print article
For optimal print results, please use Internet Explorer, Chrome or Safari.

Acculturation affects psychological well-being

Immigrants in Canada typically face cultural, linguistic, and psychological barriers to full integration into the larger society. Canadian cross-cultural psychologist John Berry theorizes immigrants as four groups of people: the assimilated, the integrated, the separated and the marginalized. The assimilated immigrants have frequent contacts with the host society, but at the expense of giving up their own cultural heritage; the integrated maintain their cultural identity while actively seeking contacts with the larger society; the separated preserve their cultural traditions while rarely interacting with the larger society; and the marginalized neither make close contact with their ethnic culture nor interact with the host society.

Which type of immigrant is the happiest? Not surprisingly, research shows that the socially integrated fare the best in terms of psychological well-being, while the marginalized are the least happy. An important question for immigrant youth, then, is whether, when, and how they become integrated into their host society - or not. Knowing more about this acculturation process is important for immigrant youth's later life and well-being.

Berry and his colleagues in the US and Europe conducted a study on immigrant youth from 26 different cultural backgrounds and living in 13 countries, including Canada, Australia, Israel, New Zealand, and the US. They named youth's acculturation profiles as follows:

  • Ethnic Profile (the separated), characterized by high ethnic identity, high ethnic language proficiency and usage, high ethnic peer contacts, high support for family relationships.
  • National Profile (the assimilated), characterized by high national identity (host country), low ethnic identity, proficient in national language and frequent use of it, high national peer contacts, low support for family obligations.
  • Integration Profile (the integrated), characterized by relatively high involvement in both ethnic and national cultures, high on both ethnic and national identities, high national language proficiency and average ethnic language proficiency, balanced use of both languages, and peer contacts in both ethnic and national groups.
  • Diffuse Profile (a group with characteristics of the assimilated, separated and marginalized), characterized by high proficiency of and usage of the ethnic language, low ethnic identity, low proficiency in and use of national language, low national identity and national peer contacts.

Immigrant youth who had stayed in the host country for 12 years or more were twice as likely to be in the National or Integration profile compared with those who had stayed for 6 years or less. The Diffuse profile dominated among the recent arrivals. Those in the Ethnic profile often lived in their own ethnic neighborhoods.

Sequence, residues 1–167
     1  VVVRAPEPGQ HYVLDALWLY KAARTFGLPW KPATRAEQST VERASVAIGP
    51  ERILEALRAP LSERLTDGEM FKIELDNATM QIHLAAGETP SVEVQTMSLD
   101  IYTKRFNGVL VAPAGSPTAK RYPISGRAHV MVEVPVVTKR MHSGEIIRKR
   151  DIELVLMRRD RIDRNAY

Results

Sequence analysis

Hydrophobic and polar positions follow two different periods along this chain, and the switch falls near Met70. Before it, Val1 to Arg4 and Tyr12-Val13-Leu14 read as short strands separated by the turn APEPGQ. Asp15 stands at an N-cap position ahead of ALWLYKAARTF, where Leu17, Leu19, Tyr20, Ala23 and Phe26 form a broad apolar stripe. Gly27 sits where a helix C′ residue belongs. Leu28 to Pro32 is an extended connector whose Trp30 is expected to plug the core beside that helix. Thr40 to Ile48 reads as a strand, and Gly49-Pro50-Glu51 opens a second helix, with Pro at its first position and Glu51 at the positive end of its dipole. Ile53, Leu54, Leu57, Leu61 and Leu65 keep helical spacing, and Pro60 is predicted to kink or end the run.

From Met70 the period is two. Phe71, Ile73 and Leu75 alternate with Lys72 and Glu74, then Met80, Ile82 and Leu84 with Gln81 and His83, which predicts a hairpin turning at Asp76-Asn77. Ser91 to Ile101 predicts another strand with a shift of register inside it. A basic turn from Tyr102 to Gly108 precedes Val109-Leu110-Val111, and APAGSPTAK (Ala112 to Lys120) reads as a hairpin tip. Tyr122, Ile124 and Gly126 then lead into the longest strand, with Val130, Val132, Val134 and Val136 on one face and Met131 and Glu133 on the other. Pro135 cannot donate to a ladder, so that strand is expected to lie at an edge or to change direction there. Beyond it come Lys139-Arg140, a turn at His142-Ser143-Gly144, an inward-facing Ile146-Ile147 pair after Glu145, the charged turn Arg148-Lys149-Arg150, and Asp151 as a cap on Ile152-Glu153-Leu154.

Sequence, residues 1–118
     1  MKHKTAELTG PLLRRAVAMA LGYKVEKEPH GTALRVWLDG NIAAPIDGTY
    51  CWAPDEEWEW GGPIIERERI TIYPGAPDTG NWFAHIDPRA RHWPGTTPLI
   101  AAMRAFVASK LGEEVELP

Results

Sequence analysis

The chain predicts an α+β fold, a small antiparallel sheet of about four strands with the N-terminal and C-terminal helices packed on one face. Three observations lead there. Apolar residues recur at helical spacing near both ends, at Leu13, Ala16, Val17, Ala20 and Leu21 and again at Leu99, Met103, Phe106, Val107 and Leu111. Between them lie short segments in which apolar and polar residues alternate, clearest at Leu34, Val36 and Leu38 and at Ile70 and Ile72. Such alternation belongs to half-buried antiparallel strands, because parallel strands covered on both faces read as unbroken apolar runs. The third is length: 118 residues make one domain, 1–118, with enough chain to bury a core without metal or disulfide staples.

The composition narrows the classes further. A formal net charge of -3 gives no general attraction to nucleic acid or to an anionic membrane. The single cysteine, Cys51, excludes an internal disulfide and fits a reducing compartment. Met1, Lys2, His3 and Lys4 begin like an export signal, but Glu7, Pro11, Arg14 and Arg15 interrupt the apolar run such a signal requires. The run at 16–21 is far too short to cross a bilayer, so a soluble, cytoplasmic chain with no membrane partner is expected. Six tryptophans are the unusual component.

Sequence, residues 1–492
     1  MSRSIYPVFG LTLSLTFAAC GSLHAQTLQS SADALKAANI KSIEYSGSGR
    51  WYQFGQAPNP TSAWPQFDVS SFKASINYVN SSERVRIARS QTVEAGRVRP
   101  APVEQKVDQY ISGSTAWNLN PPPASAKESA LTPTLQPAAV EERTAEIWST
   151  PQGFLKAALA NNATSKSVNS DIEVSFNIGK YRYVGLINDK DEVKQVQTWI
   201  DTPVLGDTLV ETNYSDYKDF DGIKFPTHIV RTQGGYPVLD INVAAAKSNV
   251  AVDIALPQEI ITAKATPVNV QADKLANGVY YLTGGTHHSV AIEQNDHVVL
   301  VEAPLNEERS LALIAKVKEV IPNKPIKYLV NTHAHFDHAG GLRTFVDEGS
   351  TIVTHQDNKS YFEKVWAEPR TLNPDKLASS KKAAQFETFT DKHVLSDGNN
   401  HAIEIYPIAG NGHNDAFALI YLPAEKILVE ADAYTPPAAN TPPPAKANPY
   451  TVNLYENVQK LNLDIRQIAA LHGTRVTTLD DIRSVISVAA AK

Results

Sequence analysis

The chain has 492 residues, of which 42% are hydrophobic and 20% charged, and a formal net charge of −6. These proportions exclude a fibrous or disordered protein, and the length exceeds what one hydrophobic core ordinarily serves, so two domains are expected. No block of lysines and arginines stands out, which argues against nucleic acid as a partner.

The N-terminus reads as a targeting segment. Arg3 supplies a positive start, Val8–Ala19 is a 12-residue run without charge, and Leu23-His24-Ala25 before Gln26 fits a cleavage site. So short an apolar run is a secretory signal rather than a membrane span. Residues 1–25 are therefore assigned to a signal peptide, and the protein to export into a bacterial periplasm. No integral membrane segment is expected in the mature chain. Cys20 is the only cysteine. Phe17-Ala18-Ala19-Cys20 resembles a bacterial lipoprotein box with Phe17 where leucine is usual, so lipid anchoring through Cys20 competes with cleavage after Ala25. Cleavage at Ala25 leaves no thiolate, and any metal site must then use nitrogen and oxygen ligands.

How immigrant youth adapt is related to their acculturation profile

Immigrant boys scored better than immigrant girls with respect to psychological adaptation, as indicated by life satisfaction, self-esteem and psychological problems. The same gender difference held true for sociocultural adaptation, indicated by school adjustment and behaviour problems.

Immigrant youth in the National and Integration profiles perceived less discrimination, and immigrant youth who perceived less discrimination were also better adapted psychologically and socioculturally. The Ethnic orientation was beneficial to both types of adaptation, though not as much so as the Integration orientation.

The researchers recommend that public policies, immigrant services and parenting should help immigrant youth pursue integration for better psychological and sociocultural adaptation. They also suggest that acculturation may vary in different contexts: in more public settings where ethnic cultural practices are less tolerated, an integration approach leaning toward assimilation may be favourable, whereas in families and ethnic communities, integration leaning toward separation may be better-accepted. 


Ling Na

Bilingual Medical Writer

 

6/22/2012

Berry, J. W. (2006). Mutual attitudes among immigrants and ethnocultural groups in Canada. International Journal of Intercultural Relations, 30,719-734.

Berry, J. W, Phinney, J. S., Sam, D. L., & Vedder, P. (2006). Immigrant youth: Acculturation, identity, and adaptation. Applied Psychology: An International Review, 303-332.​





Notes: